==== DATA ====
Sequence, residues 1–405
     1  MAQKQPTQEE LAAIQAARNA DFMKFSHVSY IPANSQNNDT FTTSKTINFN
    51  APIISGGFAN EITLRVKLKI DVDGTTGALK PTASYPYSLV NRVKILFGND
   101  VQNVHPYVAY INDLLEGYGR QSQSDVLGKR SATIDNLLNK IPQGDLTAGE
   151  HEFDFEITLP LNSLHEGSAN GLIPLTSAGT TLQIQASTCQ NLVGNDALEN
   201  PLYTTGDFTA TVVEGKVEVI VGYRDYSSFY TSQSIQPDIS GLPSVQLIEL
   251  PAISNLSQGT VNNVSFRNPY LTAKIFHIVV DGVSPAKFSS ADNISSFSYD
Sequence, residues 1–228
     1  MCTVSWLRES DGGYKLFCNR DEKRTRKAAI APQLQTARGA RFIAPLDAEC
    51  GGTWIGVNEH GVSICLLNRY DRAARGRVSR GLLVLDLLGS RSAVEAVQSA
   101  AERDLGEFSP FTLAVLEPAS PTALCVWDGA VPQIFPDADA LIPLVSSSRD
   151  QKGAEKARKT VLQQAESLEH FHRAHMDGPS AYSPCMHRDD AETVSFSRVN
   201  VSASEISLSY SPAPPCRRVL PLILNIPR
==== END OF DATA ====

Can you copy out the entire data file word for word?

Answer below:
Sequence, residues 1–405
     1  MAQKQPTQEE LAAIQAARNA DFMKFSHVSY IPANSQNNDT FTTSKTINFN
    51  APIISGGFAN EITLRVKLKI DVDGTTGALK PTASYPYSLV NRVKILFGND
   101  VQNVHPYVAY INDLLEGYGR QSQSDVLGKR SATIDNLLNK IPQGDLTAGE
   151  HEFDFEITLP LNSLHEGSAN GLIPLTSAGT TLQIQASTCQ NLVGNDALEN
   201  PLYTTGDFTA TVVEGKVEVI VGYRDYSSFY TSQSIQPDIS GLPSVQLIEL
   251  PAISNLSQGT VNNVSFRNPY LTAKIFHIVV DGVSPAKFSS ADNISSFSYD
Sequence, residues 1–228
     1  MCTVSWLRES DGGYKLFCNR DEKRTRKAAI APQLQTARGA RFIAPLDAEC
    51  GGTWIGVNEH GVSICLLNRY DRAARGRVSR GLLVLDLLGS RSAVEAVQSA
   101  AERDLGEFSP FTLAVLEPAS PTALCVWDGA VPQIFPDADA LIPLVSSSRD
   151  QKGAEKARKT VLQQAESLEH FHRAHMDGPS AYSPCMHRDD AETVSFSRVN
   201  VSASEISLSY SPAPPCRRVL PLILNIPR